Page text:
If you already did that, it is now very easy and safe to remove them, despite the fact that they are soldered in the reverse way than the normal, that is, they are soldered directly at the solder side of the PCB and not at its component side, this being the cause of the need to remove the heatsink first from the assembly.
My colleague tried to remove them directly, trying first to desolder them, but this is impossible as they are not fully accessible from this side. He did not use desoldering braid as well, working probably with a sucking pump. But even working with an electrical desoldering pump, the back side of the power semiconductors remains soldered. No way to use the desoldering braid there either.
Moreover, his action had as a result the overheating of the PCB’s foil traces up to the point of having foil trace lifts in many points of it.
The explanation is again obvious. There was a high level of heat transfer from the points he worked through the terminals of the semiconductors which ended in this huge heatsink. So, in order for him to melt the solder, he kept increasing the soldering iron’s temperature probably to its maximum which caused those foil lifts…
- Replace the defective semiconductors with the new ones, taking care of the soldering distance of their terminals. Use the heatsink as a guide, making sure that the screw holes of the semiconductors coincide with their respective ones on the heatsink. Solder them afterwards one by one.
- Install the (new if possible) insulators putting thermally conductive paste wherever needed and
- Upon completion, reinstall the heatsink putting every screw back in its place and you are done.
Coming back to troubleshooting and the reason that I disassembled the unit, I did this first because of the obvious vandalism signs and then because all the fuses were intact and I needed to know what was the general condition of the solder joints of the PCB. Along with that, it was impossible to replace anything except the fuses without this disassembly…
With the PCB in hand I checked all the transistors of the circuit without to find anyone faulty. I also swept it for bad caps with my ESR meter, again without to find anything. Then I resoldered all the joints just for prevention against any “non typical failure” and cleaned the circuit using flux removing spray.
And the question was still there. What was the cause for this failure?
Well, there were not many suspect components left on it. I removed the two protection relays from the PCB and tested them out of circuit using my bench PSU. The first I took in hand was stuck. I could not hear any clicking noise when applying excitation voltage on its 12V coil terminals. The culprit was there. I decided to replace both the relays. The blue ones you see are the new ones.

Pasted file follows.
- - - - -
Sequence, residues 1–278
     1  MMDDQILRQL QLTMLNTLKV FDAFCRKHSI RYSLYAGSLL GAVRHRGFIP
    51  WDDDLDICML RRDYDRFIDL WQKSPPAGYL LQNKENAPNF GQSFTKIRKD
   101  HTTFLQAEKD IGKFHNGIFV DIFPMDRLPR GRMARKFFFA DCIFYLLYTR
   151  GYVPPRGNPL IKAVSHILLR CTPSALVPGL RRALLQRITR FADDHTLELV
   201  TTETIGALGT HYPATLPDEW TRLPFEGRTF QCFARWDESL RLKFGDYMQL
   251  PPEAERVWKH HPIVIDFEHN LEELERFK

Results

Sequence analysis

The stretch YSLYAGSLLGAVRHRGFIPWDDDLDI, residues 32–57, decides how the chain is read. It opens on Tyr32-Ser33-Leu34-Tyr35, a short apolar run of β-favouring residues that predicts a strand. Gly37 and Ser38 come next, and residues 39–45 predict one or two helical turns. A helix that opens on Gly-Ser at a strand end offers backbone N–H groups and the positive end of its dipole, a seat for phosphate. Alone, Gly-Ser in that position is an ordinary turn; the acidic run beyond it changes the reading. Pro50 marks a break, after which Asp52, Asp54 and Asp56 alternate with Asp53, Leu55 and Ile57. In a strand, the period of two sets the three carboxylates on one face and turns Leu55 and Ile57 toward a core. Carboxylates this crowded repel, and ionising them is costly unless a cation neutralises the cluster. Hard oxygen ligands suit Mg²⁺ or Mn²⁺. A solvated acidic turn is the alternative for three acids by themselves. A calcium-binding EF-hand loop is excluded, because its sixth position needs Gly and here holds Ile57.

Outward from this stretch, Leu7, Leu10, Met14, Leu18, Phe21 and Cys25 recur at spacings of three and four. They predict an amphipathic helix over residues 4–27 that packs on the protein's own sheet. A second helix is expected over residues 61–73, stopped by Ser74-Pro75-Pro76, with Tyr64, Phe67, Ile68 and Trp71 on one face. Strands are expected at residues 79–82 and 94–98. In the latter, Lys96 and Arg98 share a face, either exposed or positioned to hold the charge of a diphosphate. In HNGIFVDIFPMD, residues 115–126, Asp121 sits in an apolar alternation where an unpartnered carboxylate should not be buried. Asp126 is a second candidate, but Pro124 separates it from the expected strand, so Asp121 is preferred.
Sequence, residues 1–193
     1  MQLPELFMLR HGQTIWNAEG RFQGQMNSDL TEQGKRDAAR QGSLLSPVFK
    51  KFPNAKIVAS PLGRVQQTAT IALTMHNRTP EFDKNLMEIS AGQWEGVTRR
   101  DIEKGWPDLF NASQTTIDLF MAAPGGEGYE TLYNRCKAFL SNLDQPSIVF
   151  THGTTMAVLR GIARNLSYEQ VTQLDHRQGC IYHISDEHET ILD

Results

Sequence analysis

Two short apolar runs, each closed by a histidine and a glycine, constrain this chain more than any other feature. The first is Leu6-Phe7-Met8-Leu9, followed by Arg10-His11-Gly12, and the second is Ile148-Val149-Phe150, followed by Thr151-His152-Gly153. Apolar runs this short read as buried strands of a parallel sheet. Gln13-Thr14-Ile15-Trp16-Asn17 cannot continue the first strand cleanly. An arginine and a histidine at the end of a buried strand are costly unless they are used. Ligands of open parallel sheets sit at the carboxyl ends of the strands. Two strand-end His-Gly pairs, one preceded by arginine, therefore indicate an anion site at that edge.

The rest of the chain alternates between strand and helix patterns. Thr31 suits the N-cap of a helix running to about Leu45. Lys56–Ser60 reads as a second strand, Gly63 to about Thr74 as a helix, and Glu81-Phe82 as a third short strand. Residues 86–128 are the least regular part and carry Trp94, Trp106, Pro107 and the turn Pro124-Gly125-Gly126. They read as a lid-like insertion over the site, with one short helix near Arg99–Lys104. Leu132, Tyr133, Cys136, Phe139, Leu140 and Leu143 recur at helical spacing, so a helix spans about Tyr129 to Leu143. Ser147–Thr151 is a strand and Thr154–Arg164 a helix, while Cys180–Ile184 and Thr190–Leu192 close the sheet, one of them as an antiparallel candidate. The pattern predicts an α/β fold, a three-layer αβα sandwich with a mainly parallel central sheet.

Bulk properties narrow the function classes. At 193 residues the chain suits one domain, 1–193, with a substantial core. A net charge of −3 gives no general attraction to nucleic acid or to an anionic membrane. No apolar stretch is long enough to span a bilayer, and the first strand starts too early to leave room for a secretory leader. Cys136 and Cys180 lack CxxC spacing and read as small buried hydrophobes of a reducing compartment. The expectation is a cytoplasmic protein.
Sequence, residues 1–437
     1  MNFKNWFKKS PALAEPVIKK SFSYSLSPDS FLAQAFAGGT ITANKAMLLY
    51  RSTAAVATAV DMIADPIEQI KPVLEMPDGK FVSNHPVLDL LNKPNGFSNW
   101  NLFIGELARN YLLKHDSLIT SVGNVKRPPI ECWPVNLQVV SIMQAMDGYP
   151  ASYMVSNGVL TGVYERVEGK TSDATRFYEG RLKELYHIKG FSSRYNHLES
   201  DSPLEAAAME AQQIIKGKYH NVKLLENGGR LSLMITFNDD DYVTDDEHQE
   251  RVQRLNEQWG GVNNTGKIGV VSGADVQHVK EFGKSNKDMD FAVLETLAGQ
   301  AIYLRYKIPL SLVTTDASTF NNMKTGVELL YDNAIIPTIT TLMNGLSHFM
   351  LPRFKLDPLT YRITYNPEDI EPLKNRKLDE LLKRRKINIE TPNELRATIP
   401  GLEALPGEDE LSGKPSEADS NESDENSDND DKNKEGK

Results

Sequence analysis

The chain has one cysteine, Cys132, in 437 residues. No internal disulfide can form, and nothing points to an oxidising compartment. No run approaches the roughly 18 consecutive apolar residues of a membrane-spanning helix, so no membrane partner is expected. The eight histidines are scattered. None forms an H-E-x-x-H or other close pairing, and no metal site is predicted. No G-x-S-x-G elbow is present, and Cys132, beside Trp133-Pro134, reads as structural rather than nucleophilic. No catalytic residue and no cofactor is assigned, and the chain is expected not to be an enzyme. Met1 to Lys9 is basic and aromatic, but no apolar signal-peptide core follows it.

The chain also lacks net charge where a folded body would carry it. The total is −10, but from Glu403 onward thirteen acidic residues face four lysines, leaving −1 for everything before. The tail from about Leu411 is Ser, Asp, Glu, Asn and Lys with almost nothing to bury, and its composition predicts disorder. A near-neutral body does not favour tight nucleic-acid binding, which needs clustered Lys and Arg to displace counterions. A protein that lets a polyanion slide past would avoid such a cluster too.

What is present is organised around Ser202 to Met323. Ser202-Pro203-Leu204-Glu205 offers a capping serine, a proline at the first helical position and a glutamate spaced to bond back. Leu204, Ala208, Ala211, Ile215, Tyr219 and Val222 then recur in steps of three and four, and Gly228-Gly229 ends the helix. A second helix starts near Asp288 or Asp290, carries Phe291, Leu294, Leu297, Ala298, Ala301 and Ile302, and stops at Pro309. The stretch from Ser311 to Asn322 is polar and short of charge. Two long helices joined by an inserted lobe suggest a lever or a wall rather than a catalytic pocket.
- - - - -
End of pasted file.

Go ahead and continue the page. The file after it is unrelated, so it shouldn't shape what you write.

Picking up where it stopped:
After their replacement and the following reassembly of the entire device, the monster woke up with both its eyes wide open this time!
Finally it’s a pity that my colleague did not manage to complete the repair, as he did the most of it replacing all the defective semiconductors he found and missed a simple relay failure…
This article was prepared for you by Paris Azis from Athens-Greece. He is 59 years old and has more than 30 years’ experience in electronics repairs, both in consumer and industrial electronics. He started as a hobbyist at the age of 12 years and ended his professional carrier as a senior electronics technician. He has been a specialist in the entire range of consumer electronics repairs (: valve radio and BW TV receivers, transistorized color CRT TV, audio amps, reel and cassette tape recorders, telephone answering and telefax devices, electric irons, MW cooking devices e.t.c) working in his early stages at the official service departments of National-Panasonic first and JVC afterwards, at their premises in Athens.
Then he joined the telecoms industry, working for 20 years as field supporting technician in the sector of DMRs (: Digital Microwave Radio transmission stations), ending his carrier with this subject. Now he is a hobbyist again!
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Note: You can check out his previous repair article below: